In these situations, show enthusiasm and actively participate while giving others an opportunity to contribute. This shows that you work effectively in a team. If you know the topic, you might prepare comments or ideas in advance to help you contribute, but remain open-minded about the ideas of others, too.

Related: What's interview role play? (With examples and tips)

Group interviews

Group interviews involve answering interview questions as you would in a one-on-one discussion but as part of a group instead. This might involve everyone participating in the interview or separating candidates into smaller groups. Prepare for this task in the same way as for an individual interview. During the group interview, share your ideas but listen to other people. If you agree with another candidate, indicate this, but share an alternative idea too. Always aim to add original ideas during these tasks.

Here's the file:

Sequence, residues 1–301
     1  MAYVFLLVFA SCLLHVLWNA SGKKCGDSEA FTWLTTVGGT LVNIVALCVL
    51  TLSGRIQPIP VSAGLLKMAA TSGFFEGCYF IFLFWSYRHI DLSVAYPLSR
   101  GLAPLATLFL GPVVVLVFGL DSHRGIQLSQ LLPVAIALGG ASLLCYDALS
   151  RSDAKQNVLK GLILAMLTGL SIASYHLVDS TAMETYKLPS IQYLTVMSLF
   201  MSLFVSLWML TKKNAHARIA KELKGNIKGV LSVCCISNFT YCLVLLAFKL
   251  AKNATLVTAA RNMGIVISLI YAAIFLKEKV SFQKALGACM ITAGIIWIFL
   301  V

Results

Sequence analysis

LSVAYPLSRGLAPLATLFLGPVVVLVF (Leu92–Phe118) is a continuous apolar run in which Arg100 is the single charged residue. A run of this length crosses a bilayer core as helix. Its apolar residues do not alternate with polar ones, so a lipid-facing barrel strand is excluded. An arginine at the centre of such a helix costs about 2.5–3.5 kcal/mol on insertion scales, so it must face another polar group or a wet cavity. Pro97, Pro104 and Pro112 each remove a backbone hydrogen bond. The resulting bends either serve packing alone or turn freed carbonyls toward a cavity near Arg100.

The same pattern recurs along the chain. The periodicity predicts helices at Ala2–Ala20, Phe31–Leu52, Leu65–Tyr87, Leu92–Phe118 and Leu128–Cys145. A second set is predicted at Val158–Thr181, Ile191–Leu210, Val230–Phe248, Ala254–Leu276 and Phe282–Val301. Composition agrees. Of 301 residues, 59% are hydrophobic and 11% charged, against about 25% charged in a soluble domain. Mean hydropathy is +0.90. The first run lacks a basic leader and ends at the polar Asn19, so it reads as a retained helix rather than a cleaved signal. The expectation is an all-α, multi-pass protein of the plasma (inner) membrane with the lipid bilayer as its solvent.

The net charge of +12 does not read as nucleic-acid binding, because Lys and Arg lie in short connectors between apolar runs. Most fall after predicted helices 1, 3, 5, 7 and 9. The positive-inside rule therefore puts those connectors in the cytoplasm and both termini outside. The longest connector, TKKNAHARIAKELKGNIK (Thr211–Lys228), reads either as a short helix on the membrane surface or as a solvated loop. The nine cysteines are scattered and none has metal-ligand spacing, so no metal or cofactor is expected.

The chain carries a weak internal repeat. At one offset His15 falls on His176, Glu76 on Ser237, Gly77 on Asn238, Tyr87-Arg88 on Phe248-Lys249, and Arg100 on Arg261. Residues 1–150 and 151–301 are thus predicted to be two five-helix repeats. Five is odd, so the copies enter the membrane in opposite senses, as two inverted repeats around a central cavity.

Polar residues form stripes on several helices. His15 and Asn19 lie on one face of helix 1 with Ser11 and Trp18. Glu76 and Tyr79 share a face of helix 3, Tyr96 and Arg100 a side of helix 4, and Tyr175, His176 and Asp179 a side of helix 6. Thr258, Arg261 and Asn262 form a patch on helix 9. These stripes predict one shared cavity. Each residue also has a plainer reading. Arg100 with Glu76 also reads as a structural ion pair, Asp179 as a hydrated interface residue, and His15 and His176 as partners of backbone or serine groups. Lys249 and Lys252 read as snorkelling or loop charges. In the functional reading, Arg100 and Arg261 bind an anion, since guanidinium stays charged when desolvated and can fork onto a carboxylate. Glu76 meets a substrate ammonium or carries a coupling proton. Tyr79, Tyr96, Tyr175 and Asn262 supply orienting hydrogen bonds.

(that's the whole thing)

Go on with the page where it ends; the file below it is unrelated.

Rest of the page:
Case studies

Case studies are tasks that are most common for analytics and consultancy jobs. They involve the interviewer giving you a scenario and requiring you to respond verbally or in writing with advice. This task tests your analytical skills, problem-solving and creative thinking. Prepare by considering the type of case study you might work on depending on the job or industry you're applying to. Review all the information and resources you get thoroughly and think about the justifications for your decisions.

Why is interview preparation important?

Interview preparation, for both answering interview questions and completing tasks, is valuable because it improves your performance. A convincing performance increases the chances of getting the job. Careful preparation shows the employer that you're interested in the job. This can sometimes give you an advantage over other candidates. These are some of the main reasons preparing for a job interview is important: